- Cancer Information
- Advanced cancer
- Palliative care
- Common questions about palliative care
- Does palliative care mean I will die soon?
Does palliative care mean I will die soon?
When most people hear the term palliative care, they fear that it means their treatment team has given up hope or they are going to die soon. This is certainly not the case for everyone referred to palliative care. This fear is one reason that some people don’t access palliative care services early – or at all. Palliative care aims to maintain quality of life for people with a life-limiting illness. It is about living in a way that is meaningful to you, within the limits of your illness. It’s not simply about dying.
Some people live comfortably for months or years after a diagnosis of advanced cancer, and can be supported by palliative care as needed. For others, the cancer advances quickly so that their care is focused on end-of-life needs soon after their referral to a palliative care service. Whatever stage you’re at, your palliative care team will adjust your care to meet your changing needs.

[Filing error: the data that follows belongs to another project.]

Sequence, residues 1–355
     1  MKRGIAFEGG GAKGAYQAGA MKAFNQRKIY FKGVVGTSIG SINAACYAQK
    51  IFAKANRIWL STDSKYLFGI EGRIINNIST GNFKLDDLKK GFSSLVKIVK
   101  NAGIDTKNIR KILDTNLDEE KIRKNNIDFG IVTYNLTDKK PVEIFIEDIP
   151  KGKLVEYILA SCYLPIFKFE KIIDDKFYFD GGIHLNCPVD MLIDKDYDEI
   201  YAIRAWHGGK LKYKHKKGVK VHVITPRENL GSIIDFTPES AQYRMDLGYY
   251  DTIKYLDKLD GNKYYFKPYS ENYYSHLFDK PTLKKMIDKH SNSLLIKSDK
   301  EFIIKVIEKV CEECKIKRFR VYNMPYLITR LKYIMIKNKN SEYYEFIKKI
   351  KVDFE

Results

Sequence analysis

There is still a life to be lived and pleasures to be found and disappointments to be had. Living with advanced cancer is a different life, not just a journey towards death.Julie
Podcast for people affected by advanced cancer
Dr Cynthia Parr, Specialist in Palliative Care, HammondCare and Macquarie University Hospital, NSW; Dr Lisa Cuddeford, Clinical Lead, WA Paediatric Palliative Care Service, WA; Dr Laura Kirsten, Principal Clinical Psychologist, Nepean Cancer Care Centre, NSW; Penny Neller, Project Coordinator, National Palliative Care Projects, Australian Centre for Health Law Research, Queensland University of Technology, QLD; Caitriona Nienaber, 13 11 20 Consultant, Cancer Council WA; A/Prof Peter Poon, Director, Supportive and Palliative Care, Monash Health, and Adjunct Associate Professor, Monash University, VIC; Dr Kathy Pope, Radiation Oncologist, Peter MacCallum Cancer Centre, VIC; Kate Reed-Cox, Nurse Practitioner National Clinical Advisor, Palliative Care Australia; Juliane Samara, Nurse Practitioner, Clare Holland House – Specialist Palliative Aged Care, Calvary Public Hospital, ACT; Annabelle Solomon, Consumer; Silvia Stickel, Consumer; Kaitlyn Thorne, Manager, PalAssist, Cancer Council Queensland; Kim Vu, Consumer; Rosie Whitford, Social Worker – Grief, Bereavement and Community Palliative Care, Prince of Wales Hospital, NSW.
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